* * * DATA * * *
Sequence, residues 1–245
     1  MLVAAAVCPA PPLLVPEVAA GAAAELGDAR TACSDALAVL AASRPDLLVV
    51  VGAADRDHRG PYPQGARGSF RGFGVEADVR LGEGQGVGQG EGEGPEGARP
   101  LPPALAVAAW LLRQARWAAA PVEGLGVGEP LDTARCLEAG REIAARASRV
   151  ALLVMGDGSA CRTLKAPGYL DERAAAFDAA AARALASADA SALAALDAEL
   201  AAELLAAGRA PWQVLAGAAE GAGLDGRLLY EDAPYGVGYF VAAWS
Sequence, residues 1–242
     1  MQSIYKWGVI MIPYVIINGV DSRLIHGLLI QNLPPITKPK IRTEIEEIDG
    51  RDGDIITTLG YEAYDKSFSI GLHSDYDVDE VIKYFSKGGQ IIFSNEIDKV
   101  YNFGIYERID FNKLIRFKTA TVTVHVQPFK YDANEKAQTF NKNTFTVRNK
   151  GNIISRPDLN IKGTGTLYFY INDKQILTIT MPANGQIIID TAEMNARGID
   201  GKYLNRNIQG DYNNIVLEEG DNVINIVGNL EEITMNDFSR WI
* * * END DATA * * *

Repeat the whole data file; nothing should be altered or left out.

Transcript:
Sequence, residues 1–245
     1  MLVAAAVCPA PPLLVPEVAA GAAAELGDAR TACSDALAVL AASRPDLLVV
    51  VGAADRDHRG PYPQGARGSF RGFGVEADVR LGEGQGVGQG EGEGPEGARP
   101  LPPALAVAAW LLRQARWAAA PVEGLGVGEP LDTARCLEAG REIAARASRV
   151  ALLVMGDGSA CRTLKAPGYL DERAAAFDAA AARALASADA SALAALDAEL
   201  AAELLAAGRA PWQVLAGAAE GAGLDGRLLY EDAPYGVGYF VAAWS
Sequence, residues 1–242
     1  MQSIYKWGVI MIPYVIINGV DSRLIHGLLI QNLPPITKPK IRTEIEEIDG
    51  RDGDIITTLG YEAYDKSFSI GLHSDYDVDE VIKYFSKGGQ IIFSNEIDKV
   101  YNFGIYERID FNKLIRFKTA TVTVHVQPFK YDANEKAQTF NKNTFTVRNK
   151  GNIISRPDLN IKGTGTLYFY INDKQILTIT MPANGQIIID TAEMNARGID
   201  GKYLNRNIQG DYNNIVLEEG DNVINIVGNL EEITMNDFSR WI